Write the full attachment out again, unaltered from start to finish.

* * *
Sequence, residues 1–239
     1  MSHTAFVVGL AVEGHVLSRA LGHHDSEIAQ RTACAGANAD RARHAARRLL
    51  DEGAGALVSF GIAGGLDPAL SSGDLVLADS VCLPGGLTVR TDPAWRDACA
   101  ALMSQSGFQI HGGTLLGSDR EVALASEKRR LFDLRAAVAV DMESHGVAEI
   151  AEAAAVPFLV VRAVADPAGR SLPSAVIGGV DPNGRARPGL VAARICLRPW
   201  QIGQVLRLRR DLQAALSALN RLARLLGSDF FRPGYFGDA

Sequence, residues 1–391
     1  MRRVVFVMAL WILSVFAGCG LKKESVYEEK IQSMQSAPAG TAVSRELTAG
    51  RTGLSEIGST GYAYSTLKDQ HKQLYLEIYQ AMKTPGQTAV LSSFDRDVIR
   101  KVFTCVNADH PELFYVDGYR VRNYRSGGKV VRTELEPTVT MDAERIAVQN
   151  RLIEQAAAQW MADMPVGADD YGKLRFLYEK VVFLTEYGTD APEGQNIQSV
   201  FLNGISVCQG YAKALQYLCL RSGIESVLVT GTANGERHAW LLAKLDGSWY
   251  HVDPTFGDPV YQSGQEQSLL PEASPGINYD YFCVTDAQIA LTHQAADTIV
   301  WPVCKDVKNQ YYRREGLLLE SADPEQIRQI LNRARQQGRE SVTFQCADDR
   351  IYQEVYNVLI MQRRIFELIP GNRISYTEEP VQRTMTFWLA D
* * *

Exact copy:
Sequence, residues 1–239
     1  MSHTAFVVGL AVEGHVLSRA LGHHDSEIAQ RTACAGANAD RARHAARRLL
    51  DEGAGALVSF GIAGGLDPAL SSGDLVLADS VCLPGGLTVR TDPAWRDACA
   101  ALMSQSGFQI HGGTLLGSDR EVALASEKRR LFDLRAAVAV DMESHGVAEI
   151  AEAAAVPFLV VRAVADPAGR SLPSAVIGGV DPNGRARPGL VAARICLRPW
   201  QIGQVLRLRR DLQAALSALN RLARLLGSDF FRPGYFGDA

Sequence, residues 1–391
     1  MRRVVFVMAL WILSVFAGCG LKKESVYEEK IQSMQSAPAG TAVSRELTAG
    51  RTGLSEIGST GYAYSTLKDQ HKQLYLEIYQ AMKTPGQTAV LSSFDRDVIR
   101  KVFTCVNADH PELFYVDGYR VRNYRSGGKV VRTELEPTVT MDAERIAVQN
   151  RLIEQAAAQW MADMPVGADD YGKLRFLYEK VVFLTEYGTD APEGQNIQSV
   201  FLNGISVCQG YAKALQYLCL RSGIESVLVT GTANGERHAW LLAKLDGSWY
   251  HVDPTFGDPV YQSGQEQSLL PEASPGINYD YFCVTDAQIA LTHQAADTIV
   301  WPVCKDVKNQ YYRREGLLLE SADPEQIRQI LNRARQQGRE SVTFQCADDR
   351  IYQEVYNVLI MQRRIFELIP GNRISYTEEP VQRTMTFWLA D